Travel Photography Tips

There’s nothing better than going through old photos and reminiscing. It truly takes you back to past experiences, into the moment of when you were in that place at that time. I have been complimented by many on my ability to capture moments from my travels, but I am not a professional by any means. I am only here to help guide you to hopefully getting the photos you dreamed of. There are 3 major things I believe that go into getting the perfect shot: your gear, the photo setup, and the editing.

What camera and gear should you use?

I find the biggest waste of money for a lot of people is purchasing a beautiful, complex DSLR camera with a multitude of settings, and then only using it on auto for point and shoot. If you aren’t going to put in the time to learn the settings and play around, save your money and just buy a point and shoot! You will get the same quality of photos and spend a quarter of what you’d pay for a DSLR. Another great option is your phone. We all have a phone anyways, why not use it? They have gotten so advanced now, it may even take better quality photos than a point and shoot camera. I personally use the Google Pixel 2 XL and the photos it takes, even in low light, are unbelievable. Here is a shot I took in Iceland from my phone, with minor colour editing.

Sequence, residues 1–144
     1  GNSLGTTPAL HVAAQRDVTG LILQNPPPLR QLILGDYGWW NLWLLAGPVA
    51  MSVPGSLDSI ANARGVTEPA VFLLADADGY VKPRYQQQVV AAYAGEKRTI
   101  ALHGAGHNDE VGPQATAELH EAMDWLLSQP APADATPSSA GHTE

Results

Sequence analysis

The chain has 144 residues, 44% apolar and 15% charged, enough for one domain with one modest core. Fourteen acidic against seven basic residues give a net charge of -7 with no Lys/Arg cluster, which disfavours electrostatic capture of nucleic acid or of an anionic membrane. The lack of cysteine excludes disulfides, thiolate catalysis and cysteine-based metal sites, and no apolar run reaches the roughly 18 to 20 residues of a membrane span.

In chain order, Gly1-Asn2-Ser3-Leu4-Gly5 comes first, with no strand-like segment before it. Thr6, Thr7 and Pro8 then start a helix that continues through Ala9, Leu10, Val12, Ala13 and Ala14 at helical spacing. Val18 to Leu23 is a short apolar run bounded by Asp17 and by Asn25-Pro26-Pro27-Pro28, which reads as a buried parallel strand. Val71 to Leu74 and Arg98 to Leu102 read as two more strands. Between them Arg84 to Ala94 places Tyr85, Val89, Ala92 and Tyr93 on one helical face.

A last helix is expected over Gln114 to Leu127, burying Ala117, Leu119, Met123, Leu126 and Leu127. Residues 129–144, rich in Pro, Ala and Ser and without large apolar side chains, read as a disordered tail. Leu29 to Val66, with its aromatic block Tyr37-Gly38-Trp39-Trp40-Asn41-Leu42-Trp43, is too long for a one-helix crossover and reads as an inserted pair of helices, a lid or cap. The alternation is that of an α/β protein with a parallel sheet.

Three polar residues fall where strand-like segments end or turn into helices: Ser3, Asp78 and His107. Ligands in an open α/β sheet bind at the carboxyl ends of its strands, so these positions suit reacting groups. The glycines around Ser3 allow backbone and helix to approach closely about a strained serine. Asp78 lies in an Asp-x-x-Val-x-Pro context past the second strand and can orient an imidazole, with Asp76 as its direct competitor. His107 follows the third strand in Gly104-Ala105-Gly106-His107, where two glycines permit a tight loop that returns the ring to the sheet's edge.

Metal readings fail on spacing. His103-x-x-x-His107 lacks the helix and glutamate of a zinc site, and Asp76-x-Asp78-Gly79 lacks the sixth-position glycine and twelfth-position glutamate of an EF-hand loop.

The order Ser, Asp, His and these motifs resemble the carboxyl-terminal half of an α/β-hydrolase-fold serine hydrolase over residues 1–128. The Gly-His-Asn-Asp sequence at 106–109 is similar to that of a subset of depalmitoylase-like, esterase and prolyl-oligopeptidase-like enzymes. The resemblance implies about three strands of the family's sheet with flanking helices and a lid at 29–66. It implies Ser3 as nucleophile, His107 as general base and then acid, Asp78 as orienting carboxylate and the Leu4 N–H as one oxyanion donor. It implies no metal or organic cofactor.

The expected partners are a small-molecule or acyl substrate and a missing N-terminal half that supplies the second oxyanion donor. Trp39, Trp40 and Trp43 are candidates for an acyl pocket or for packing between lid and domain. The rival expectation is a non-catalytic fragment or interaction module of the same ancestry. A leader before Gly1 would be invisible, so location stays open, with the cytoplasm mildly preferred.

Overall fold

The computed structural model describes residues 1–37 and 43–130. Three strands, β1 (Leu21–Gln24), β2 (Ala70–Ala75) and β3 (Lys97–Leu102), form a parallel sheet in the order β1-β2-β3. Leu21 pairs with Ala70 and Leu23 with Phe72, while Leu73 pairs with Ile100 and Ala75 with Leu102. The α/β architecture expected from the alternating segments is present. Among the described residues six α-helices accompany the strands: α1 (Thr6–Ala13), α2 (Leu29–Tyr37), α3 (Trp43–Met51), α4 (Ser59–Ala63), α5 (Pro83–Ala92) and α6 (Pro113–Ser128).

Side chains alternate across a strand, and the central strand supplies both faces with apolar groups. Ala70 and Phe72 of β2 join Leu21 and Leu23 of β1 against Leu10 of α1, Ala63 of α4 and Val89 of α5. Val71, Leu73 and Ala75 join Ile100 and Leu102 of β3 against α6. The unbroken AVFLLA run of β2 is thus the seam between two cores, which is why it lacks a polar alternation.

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Enjoying the views at Fjaðrárgljúfur canyon.

Now if you love photography and want to purchase a DSLR, my best advice is to take a few days, go outside, and shoot all different subjects on manual while playing around with shutter speed, aperture, ISO, white balance, and focus. Even watching some basic Youtube tutorials will help, and they can aid in teaching which settings work best for what you want to shoot. For example, I use completely different settings when it’s 11am and sunny shooting a portrait, versus 8pm with a cloudy sunset shooting a landscape. Once you get a feel for your camera, you can start purchasing different lenses for an array of different photo possibilities.

When it comes to tripods, I rarely use them, but they can be very helpful when you’re travelling alone and don’t want to rely on strangers to take photos of you. The tripods with bendy legs are the most useful, because you can basically use it wherever you need, wrap it around or place it on any surface. Click here for an example of a flexible tripod! Attach your phone or camera to the tripod, set it on a timer, pose, and voila!